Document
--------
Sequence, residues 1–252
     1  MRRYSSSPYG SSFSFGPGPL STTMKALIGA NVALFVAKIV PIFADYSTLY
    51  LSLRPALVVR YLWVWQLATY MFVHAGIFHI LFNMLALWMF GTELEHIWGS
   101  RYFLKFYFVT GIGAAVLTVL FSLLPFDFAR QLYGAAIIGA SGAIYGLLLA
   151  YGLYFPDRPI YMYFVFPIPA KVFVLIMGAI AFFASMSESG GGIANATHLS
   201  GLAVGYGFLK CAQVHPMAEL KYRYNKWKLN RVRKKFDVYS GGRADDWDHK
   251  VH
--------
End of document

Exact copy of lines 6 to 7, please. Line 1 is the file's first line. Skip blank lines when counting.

   201  GLAVGYGFLK CAQVHPMAEL KYRYNKWKLN RVRKKFDVYS GGRADDWDHK
   251  VH